For research, I of course needed to load up an old Fallout 3 save, to remind myself how the game played. I dropped into my apartment in Megaton, realizing that I had no context for this character, no idea what type of build it was, or how far I was into the game. I stepped outside and within minutes I was gunning down enemies, including one of the infamous Deathclaws. I checked the settings, and I had already set the difficulty to hard, and after a bit more menu surfing I concluded that I was rampaging across the Capital Wasteland as a stealth character.

The ability to construct a character that the player can utilize however they see fit, consequences be damned, works great for Bethesda’s other franchise, The Elder Scrolls, thanks to its fantasy setting. However, Fallout demands a higher difficulty, a cause and effect, because of its setting. A post-apocalyptic nuclear wasteland is not a place one expects to be God-like – everyone should be scavenging for every last bullet, searching high and low for healing devices and shelter. But in Fallout 3, difficulty is an after thought, taking players out of the moment, removing them so far from this dire setting that it can actually be pleasant to wander out into the wasteland.

S.T.A.L.K.E.R. isn’t an RPG, but it does allow for a variety of playstyles – do players want to travel light and fast, and get up close and personal with a shotgun? Or would they rather fight at range, popping in and out of cover with an assault rifle? Or how about taking time to line up the perfect shot, the enemy completely unaware of their presence, and picking each enemy off one at a time? Just like Fallout 3, S.T.A.L.K.E.R. allows for these varied playstyles, but the key difference is that, at any moment, no matter how great the player’s gear is or how powerful their weapons, it can all come to an abrupt end with just a couple well-placed shots. There certainly is a desire to obtain more resources and better gear – doing so allows the player to venture into much more dangerous territory. However, all this better gear does is allow the player to make medical kits stretch just a bit further, and maybe dispatch a couple extra enemies with that small pile of ammo. With a constant threat of death around every corner, S.T.A.L.K.E.R. carries a sense of dread that permeates every square inch of the Zone – there is no such thing as a simple task, and the player must prepare and strategize a plan of attack, as well as gathering enough resources to not only complete an objective, but to make it back to home base alive.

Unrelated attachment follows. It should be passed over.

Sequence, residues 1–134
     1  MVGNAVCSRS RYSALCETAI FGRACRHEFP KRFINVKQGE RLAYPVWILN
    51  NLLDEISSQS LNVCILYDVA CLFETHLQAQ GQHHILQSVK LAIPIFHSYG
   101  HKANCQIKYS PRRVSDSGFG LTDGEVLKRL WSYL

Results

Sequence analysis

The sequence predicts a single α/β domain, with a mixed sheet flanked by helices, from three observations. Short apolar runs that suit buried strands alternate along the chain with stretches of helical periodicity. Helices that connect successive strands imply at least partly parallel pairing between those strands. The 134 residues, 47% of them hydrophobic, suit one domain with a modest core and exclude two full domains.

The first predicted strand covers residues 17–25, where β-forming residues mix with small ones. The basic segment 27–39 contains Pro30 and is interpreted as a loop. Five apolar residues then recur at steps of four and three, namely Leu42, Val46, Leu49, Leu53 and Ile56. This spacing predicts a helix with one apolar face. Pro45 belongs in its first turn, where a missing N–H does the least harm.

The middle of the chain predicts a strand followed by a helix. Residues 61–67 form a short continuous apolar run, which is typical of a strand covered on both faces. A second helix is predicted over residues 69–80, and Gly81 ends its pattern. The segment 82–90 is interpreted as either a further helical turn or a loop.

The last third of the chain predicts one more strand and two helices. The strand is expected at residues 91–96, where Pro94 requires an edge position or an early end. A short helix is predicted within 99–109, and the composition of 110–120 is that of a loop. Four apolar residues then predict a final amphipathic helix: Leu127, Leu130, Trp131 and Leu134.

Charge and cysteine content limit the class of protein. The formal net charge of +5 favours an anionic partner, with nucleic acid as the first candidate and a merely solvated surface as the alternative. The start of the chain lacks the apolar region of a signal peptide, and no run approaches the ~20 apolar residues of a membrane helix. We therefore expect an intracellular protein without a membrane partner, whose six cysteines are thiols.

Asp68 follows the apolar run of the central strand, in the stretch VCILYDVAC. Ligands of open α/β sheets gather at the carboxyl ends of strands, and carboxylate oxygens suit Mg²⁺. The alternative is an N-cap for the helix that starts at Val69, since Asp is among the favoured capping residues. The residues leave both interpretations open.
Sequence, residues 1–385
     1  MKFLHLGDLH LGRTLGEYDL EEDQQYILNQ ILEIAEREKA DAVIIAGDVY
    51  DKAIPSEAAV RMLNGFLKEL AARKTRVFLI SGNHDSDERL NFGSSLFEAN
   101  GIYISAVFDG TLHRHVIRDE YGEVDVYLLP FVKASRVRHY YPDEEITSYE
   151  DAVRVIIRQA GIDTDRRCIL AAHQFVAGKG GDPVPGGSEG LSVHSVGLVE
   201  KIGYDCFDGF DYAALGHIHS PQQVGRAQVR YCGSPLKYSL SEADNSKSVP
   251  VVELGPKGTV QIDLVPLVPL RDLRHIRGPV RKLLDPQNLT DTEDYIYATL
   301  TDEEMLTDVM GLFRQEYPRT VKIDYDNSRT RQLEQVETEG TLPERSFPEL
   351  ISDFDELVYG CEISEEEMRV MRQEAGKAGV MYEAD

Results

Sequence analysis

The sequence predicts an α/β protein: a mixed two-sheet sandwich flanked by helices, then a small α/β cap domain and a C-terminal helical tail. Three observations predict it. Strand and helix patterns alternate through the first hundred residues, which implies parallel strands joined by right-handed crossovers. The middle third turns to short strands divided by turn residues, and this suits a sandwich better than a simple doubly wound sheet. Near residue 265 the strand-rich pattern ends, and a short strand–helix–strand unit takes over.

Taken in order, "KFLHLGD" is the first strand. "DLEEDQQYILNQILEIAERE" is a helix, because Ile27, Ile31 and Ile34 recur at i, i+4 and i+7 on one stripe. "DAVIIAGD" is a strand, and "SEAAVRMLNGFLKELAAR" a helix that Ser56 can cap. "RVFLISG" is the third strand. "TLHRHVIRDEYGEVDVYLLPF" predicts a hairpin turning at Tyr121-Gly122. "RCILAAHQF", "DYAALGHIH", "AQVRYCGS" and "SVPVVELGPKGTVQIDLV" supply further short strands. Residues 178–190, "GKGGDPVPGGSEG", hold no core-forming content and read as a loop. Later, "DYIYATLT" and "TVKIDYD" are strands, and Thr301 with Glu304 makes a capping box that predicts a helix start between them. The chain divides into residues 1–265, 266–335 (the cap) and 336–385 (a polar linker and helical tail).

After hitting level ten in Fallout 3, there is little reason to plan an attack or worry about resources – with a few, rare exceptions, it is a pretty simple game, and a post-apocalyptic game should never feel calming and comforting. If Bethesda really wants gamers to feel like they are scraping the bottom of the barrel just to survive, then the difficulty needs to be increased, and S.T.A.L.K.E.R. certainly lays out a great blueprint for that increased difficulty. Preparation should take precedence over having the most powerful or explosive guns.

Pistols, Flamethrowers and Mini-Nukes

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Bethesda has always struggled with gameplay balance, as evident by the bandit in high level gear, but S.T.A.L.K.E.R. manages to solve this problem.

In my brief time reacquainting myself with Fallout 3, I noticed that every gun I had was fully capable of taking out the majority of enemies, even though many of them were starting weapons I acquired within the first five levels. Although the starting weapons are basic, such as pistols and hunting rifles, it takes little time to repair them to maximum condition, which allows them to take out most low to mid-level enemies with ease, and if the player runs into a group of Talon Company mercenaries, a combat shotgun will come in handy, a gun that can be obtained very early on and most likely will stick with the player for the majority of their run. By that point, the player isn’t really searching for a new weapon, so much as they are constantly repairing their starting weapons and relying heavily on them.